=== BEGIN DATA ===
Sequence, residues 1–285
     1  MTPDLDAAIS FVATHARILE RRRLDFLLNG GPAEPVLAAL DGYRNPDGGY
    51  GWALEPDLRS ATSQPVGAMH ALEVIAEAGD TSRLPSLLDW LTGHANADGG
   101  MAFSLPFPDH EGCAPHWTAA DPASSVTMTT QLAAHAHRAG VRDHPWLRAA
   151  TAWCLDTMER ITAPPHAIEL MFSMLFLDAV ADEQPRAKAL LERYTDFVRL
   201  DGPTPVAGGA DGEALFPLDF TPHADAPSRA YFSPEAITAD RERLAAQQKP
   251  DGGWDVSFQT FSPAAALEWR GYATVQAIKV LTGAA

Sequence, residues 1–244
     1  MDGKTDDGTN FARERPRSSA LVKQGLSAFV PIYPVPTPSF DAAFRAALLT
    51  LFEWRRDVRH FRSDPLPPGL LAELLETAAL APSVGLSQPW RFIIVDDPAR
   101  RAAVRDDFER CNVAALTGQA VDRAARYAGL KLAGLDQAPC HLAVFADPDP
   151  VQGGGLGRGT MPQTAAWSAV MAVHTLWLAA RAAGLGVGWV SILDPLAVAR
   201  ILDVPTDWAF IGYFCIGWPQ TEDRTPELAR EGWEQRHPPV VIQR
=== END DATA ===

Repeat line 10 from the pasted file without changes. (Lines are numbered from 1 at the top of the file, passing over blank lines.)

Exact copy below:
    51  LFEWRRDVRH FRSDPLPPGL LAELLETAAL APSVGLSQPW RFIIVDDPAR